68. Had the first chuckle of the day. Revise, had the first gut-busting laugh of the day. Final Revision, LMFAO while ROFL. Thanks, BookEnds, but don't auto-reply to this… ~Kathleen Kat McLaughlin~

  69. All I can say is "Oh dear, oh dearie, dearie, dear."
    What a poor little lamb. Someone should volunteer to go round and give him a big hug. Though you might want to wear kevlar.

  70. Avatar Amie Borst says:

    maybe this is selfish – but this makes me FUMING mad! i totally get being upset and feeling frustrated – i'm sure every author has felt that way at some point or another. the difference is we let it out by eating chocolate and getting on with our lives. it's jerks like him that ruin it for the rest of us and make good agents turn to policies that they otherwise might not have needed to.

  71. Oh dear.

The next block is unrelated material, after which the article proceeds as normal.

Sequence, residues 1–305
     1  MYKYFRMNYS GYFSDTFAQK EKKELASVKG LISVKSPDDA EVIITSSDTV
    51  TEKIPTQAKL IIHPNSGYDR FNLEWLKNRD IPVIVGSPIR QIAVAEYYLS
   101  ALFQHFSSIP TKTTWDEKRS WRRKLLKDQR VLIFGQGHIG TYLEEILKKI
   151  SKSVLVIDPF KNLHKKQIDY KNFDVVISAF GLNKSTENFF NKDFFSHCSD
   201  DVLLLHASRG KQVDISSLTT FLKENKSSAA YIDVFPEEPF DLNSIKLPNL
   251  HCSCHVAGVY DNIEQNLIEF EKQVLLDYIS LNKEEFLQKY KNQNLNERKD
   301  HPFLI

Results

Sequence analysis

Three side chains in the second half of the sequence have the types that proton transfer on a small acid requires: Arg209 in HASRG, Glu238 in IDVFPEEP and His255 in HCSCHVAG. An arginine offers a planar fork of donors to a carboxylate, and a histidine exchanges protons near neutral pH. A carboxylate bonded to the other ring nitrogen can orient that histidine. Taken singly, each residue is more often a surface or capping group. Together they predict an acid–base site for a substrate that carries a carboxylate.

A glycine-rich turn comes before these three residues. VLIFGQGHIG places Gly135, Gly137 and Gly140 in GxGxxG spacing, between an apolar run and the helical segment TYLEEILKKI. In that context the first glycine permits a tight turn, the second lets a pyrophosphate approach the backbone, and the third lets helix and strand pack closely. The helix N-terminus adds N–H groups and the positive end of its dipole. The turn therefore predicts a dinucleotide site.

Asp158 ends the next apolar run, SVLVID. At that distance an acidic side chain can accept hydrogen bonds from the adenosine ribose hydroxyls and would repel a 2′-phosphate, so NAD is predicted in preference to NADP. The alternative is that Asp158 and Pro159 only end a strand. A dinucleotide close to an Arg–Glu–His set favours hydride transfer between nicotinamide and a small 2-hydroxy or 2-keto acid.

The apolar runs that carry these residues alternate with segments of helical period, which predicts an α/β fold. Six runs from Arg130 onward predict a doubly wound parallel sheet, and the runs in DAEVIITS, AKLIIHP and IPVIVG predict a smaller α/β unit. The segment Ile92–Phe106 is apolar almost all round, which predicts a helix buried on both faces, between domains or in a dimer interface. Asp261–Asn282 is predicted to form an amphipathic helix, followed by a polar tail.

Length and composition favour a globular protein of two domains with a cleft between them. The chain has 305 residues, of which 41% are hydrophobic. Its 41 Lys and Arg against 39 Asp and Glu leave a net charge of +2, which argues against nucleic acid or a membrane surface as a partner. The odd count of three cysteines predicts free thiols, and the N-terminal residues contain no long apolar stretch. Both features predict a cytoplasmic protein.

I feel so very lucky that at R&T we've never received a nasty email back from one of our rejection letters, or receipt letters! It's difficult enough sending out rejections without being blasted for it.

  72. Avatar Mark Fenger says:

    And here I was thinking I was rude for accidentally querying the same person twice within three months!

    I can empathise, but not condone what he's doing. Querying is super-stressful. I'm glad to be over that hurdle, hopefully for good, but I think it's sort of a sick joke. Take a group of people who have far higher than normal emotional sensitivity, put them in an environment of oppressive, failure and rejection and see who's strong enough to survive, yet sensitive enough to still write so passionately that the reader can feel it.

    To be clear I don't blame agents for the way things work. This has always been the way for most forms of art.

  73. Avatar Sonia Lal says:

    That's hilarious.